Ecclestone wants to stop qualifying format that would confuse 99.9% of the fans
'Flop' qualifying shakeup may not happen
- Renault to get started on 2017 car – Lopez
- 2016 to be Mercedes versus Ferrari – Rosberg
- Renault 'happier' team than McLaren – Magnussen
- V8 Supercars threatens to quit Aus GP weekend
- Ricciardo: Renault has made only minor progress
- Sainz Jr: People will 'enjoy' STR battle
- Haryanto: 'Huge difference' from GP2 to F1
- Ultra Soft tire to appear at Canadian GP
- Alex Lynn to Continue as Williams Development Driver
'Flop' qualifying shakeup may not happen
(GMM) F1's new 'musical chairs' qualifying format may not happen at all in 2016.
Earlier, the changes touted to mix up the grid were approved by the F1 Commission, but Bernie Ecclestone subsequently told the Independent newspaper that his software-writers would not have time to be ready for Melbourne.
Ferrari team boss Maurizio Arrivabene admits he is no particular fan of the shakeup.
"In my opinion, it is still necessary to understand if it will increase the entertainment or it will be a flop," he told La Stampa newspaper.
In any case, F1 supremo Ecclestone has said 'musical chairs' was also a compromise solution as the teams refused to back his real idea for reverse grids.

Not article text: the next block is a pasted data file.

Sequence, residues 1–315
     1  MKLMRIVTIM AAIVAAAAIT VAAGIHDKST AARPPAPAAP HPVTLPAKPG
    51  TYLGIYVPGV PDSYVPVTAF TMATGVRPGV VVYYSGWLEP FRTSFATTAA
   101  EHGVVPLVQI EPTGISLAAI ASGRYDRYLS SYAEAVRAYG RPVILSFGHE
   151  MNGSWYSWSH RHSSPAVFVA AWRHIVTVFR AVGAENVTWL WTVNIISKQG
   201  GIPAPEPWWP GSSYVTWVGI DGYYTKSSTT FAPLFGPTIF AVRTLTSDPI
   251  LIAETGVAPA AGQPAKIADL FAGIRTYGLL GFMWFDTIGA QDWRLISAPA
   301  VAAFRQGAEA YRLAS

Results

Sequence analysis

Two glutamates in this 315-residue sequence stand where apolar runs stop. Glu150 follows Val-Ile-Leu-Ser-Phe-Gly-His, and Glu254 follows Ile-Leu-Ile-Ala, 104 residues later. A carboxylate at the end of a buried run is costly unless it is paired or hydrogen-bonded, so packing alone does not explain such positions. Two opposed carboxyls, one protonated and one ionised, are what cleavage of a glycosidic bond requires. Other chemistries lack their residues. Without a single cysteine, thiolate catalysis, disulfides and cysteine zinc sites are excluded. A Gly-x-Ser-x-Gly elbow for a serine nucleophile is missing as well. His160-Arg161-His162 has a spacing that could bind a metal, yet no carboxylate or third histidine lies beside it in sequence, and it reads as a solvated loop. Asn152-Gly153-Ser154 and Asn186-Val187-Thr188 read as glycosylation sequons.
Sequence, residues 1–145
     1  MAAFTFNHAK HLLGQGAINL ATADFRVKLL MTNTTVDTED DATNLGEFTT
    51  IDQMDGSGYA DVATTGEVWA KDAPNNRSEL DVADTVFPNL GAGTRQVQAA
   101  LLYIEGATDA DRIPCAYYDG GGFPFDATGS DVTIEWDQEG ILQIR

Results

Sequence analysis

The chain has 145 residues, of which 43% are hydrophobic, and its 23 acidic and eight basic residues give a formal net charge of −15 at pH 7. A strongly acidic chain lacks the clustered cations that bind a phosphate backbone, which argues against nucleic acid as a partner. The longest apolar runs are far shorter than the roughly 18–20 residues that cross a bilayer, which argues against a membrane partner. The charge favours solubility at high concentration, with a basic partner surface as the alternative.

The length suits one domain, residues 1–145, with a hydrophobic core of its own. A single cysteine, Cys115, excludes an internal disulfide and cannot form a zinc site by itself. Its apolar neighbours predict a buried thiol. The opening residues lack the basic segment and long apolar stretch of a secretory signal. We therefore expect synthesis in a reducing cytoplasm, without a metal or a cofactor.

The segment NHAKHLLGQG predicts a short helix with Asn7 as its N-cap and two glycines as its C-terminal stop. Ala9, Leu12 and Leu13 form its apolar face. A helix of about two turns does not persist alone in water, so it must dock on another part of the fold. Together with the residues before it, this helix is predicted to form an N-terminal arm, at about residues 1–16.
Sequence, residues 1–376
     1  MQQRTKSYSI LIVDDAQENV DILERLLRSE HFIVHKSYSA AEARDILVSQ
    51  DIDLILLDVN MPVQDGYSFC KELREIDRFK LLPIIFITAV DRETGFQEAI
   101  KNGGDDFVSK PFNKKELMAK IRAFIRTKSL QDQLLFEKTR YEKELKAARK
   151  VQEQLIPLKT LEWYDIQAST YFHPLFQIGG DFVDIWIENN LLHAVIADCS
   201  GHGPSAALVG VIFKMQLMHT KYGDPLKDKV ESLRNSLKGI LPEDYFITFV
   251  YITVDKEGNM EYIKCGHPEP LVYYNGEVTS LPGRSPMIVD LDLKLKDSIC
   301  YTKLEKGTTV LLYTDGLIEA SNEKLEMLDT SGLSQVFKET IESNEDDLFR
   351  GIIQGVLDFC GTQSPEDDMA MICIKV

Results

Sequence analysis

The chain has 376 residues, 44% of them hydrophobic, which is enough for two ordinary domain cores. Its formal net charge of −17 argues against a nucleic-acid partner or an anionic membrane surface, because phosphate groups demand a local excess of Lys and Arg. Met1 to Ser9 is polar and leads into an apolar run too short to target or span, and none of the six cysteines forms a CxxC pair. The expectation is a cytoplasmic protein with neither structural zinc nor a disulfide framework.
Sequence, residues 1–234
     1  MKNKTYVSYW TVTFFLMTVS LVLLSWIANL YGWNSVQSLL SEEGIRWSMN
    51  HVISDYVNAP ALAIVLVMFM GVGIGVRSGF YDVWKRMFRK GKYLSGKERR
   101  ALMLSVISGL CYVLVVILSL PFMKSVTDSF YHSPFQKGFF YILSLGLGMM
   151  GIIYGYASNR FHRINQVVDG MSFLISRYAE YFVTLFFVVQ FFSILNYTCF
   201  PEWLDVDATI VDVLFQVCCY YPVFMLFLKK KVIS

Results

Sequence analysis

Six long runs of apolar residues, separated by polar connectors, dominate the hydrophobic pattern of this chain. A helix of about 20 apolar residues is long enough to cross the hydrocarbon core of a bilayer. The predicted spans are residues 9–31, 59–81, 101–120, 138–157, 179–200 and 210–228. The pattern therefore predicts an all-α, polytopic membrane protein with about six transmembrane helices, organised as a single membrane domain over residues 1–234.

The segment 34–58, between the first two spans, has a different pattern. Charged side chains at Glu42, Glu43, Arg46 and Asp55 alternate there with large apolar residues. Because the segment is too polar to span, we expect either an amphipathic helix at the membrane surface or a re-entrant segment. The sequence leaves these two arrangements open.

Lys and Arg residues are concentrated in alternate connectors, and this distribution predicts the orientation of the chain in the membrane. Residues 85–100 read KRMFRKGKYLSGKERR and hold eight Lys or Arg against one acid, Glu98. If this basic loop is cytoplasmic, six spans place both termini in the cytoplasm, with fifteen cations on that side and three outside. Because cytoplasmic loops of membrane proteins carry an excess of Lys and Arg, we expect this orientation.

Now, he has told Forbes' F1 business journalist Christian Sylt: "We will see if the changes that have been announced get overturned."
|Gerard Lopez knows 2016 Renault too slow|
Renault to get started on 2017 car – Lopez
(GMM) Renault is likely to start work almost immediately on its car for 2017.
Last week, acknowledging that the 2016 machine is a hastily-compiled version of a car designed by Lotus for a Renault engine, team boss Frederic Vasseur said it would be the wrong approach to simply write off this year.
"Are we going to introduce a more successful car during the season?" he told L'Equipe. "First we will see where we are in Melbourne and then get an idea about what are the clear regulations for 2017."
But engineering chief Alan Permane has told Auto Motor und Sport that the 2016 gearbox, at the very least, will not be re-done.
"We halfway adapted it for the Renault power unit and will try to improve this intermediate solution with a second step," he said.
"But we will not do a new transmission."
Meanwhile, having already worked with Renault power in 2014, Permane gave the changes made by the French marque since then the thumbs up.
"Compared to then (2014) there is no comparison," he said. "The drivability is excellent, and the mood among the engine people is very different.
"They have a plan and are no longer afraid that something will go wrong."
As for Vasseur's intimation that a 'B' car cannot be ruled out, however, that appears wide of the mark.
Still a shareholder in the Enstone team for 2016 is Gerard Lopez and his Genii group, and he suggests that Renault will soon get to work on 2017.
"Unlike many other teams," he said, "we can concentrate fully on the new generation of car for 2017."
|Rosberg knows no one is going to touch Mercedes, but he is saying Ferrari will be competitive so fans buy tickets|
2016 to be Mercedes versus Ferrari – Rosberg
(GMM) Ahead of the final week of pre-season testing, it seems Mercedes and Ferrari are still ahead of the pack in 2016.
Finishing third for the past two years was Williams, but Felipe Massa seemed to acknowledge that the Grove team may not achieve the leap it wants.